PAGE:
June 28, 2018 Poetry , POETRY / FICTION

AP photo



Tom Evans




Agni Agora



A memory from my twelfth year on this planet:

A Buddhist monk immolating himself in the village square

In protest over religious persecution being carried out

By a U.S. backed regime in a distant land

Soon to become a household name.


I didn’t know that then, but even so it proved unequivocally to me that life was

Playing for keeps, and that the half-hearted ‘Hell no I won’t go!’

We uttered during an argument at the dinner table about the war a few years later,

A regurgitation of the slogan then being invoked on college campuses

By student protestors against the war, which our father mimicked

With a lot more gusto than we had managed as he banged our heads together

For emphasis, wouldn’t do.


Ashamed that we had blubbered afterward, I realized it was a trifle

Compared to what the monk had endured, yet he never moved a muscle,

Never uttered a sound, as he was consumed in flame.

His heart, which remained intact

Even when he was re-cremated during the funeral ceremony, became a holy relic,

And he revered as a bodhisattva.


Myself, I was still enthralled with JFK’s Camelot

(He would die later that same year),

Considered Mickey Mantle a hero,

And though his name has never been commemorated on a baseball card

Or in our history books, and been long forgotten if ever remembered,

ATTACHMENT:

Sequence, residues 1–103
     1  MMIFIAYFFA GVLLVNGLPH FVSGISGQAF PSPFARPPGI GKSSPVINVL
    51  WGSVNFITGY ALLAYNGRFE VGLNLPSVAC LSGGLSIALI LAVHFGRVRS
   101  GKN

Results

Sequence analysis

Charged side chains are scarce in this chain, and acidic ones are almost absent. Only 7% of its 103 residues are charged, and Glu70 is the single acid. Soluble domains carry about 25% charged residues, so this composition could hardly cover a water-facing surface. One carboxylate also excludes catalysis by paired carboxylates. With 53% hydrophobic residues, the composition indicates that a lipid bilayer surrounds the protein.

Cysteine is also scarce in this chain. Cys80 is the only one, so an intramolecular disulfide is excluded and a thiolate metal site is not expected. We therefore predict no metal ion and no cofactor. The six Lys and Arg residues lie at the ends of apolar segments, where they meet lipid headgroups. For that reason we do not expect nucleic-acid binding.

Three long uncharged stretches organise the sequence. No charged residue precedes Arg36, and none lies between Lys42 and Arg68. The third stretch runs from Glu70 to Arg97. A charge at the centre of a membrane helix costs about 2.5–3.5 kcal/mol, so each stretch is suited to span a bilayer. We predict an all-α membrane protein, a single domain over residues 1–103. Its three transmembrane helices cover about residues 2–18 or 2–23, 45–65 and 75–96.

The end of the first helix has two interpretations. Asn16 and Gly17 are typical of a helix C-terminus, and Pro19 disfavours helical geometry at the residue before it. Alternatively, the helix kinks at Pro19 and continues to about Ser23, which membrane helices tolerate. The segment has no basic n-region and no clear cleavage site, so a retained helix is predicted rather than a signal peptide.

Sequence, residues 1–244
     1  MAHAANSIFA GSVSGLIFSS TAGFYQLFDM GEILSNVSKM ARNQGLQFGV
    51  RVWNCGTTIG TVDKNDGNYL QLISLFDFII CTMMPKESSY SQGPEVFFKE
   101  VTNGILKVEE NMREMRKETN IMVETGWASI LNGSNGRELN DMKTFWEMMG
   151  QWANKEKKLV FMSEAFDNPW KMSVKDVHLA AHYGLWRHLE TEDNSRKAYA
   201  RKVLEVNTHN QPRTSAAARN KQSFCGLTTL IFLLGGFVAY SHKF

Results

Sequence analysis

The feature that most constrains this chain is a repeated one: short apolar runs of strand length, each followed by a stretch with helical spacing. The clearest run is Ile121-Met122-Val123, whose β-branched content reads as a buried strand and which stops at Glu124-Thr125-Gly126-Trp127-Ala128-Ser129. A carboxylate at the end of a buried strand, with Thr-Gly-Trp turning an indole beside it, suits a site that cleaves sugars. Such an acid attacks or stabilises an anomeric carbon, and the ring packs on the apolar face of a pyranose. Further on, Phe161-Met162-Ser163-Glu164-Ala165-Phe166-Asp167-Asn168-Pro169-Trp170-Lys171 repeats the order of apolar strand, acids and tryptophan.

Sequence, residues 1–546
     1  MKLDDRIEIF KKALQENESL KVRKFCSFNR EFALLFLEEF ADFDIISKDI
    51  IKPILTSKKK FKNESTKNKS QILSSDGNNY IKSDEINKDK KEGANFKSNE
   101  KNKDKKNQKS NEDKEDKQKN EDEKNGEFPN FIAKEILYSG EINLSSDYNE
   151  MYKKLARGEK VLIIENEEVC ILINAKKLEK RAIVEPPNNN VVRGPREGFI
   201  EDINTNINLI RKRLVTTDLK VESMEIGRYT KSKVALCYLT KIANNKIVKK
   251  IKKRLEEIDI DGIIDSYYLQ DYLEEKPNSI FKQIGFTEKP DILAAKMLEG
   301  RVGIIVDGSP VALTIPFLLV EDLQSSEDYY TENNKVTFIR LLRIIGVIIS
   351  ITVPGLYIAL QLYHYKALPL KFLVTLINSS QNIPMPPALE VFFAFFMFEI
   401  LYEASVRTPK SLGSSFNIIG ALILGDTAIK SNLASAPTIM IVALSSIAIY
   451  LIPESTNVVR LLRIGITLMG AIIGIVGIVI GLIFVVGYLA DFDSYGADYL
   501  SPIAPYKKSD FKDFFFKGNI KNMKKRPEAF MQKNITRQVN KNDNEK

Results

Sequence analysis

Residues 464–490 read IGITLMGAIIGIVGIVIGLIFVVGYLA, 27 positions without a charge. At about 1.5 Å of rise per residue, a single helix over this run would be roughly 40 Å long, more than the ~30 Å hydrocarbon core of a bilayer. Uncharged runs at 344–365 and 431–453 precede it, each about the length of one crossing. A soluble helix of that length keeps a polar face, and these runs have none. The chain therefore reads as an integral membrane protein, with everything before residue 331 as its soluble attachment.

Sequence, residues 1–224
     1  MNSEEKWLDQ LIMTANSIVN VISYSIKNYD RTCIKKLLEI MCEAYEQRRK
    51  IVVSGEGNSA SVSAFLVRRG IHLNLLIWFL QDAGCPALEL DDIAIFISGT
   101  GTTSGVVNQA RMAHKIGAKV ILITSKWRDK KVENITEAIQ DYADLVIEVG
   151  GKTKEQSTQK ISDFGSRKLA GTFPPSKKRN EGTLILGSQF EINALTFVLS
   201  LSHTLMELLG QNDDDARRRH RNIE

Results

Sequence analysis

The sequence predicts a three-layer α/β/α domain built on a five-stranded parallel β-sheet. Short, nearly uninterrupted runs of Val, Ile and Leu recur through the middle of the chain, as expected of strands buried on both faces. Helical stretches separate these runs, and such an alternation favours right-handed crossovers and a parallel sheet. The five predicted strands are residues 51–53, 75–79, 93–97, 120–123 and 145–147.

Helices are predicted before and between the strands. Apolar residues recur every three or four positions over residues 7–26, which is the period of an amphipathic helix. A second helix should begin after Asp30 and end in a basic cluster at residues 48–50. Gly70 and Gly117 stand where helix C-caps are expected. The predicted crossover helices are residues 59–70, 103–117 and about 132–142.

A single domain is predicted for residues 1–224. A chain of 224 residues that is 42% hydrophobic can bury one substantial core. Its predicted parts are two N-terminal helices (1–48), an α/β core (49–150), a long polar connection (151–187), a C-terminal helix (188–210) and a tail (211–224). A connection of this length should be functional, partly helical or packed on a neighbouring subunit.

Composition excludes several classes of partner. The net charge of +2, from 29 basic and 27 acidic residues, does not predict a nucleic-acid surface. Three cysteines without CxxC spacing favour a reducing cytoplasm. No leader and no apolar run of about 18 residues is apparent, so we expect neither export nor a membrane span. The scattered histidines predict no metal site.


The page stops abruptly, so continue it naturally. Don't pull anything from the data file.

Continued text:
I believe I will salute him for gradually waking me up,

And say Thank You for Your Service, Thich Quang Duc.






At the Croton-Harmon Station Thanksgiving 2017



The old man, face weathered as a sea captain’s,

All his belongings in the pack on his back,

Sits across from a nattily dressed young man

Adamant on his cell phone.


When the train, headed for Grand Central, departs,

The young man, sitting in front on the quiet car,

Cell phone an extension of his hand,

Barks out orders

In a subtly trenchant voice,

Wheeling and dealing no doubt.


Meanwhile the old man is fast sleep

In the rear of the same car,

Snoring loudly, still

Tethered to his belongings.


The car, like the station

Deserted for the holiday,

Is filled with a duet

Of the young man’s carping,

The old man’s snorting.


The conductor, a middle-aged man,

Resentful at having to work

On a holiday, even though it was

His turn, is itching to assert

His authority and jolt

Them both to their senses.


He decides against it,

Certain that entering the

Black silent gaping evacuated maw

Of Grand Central Station

Will be enough

To awaken them.






Tom Evans

I’m a librarian living near NYC, having had 3 poems published recently in The Basil O’Flaherty and with 3 book length manuscripts at publishers awaiting decisions. 

Editor review


No Comments Yet!

You can be first to comment this post!

Leave a Reply

This site uses Akismet to reduce spam. Learn how your comment data is processed.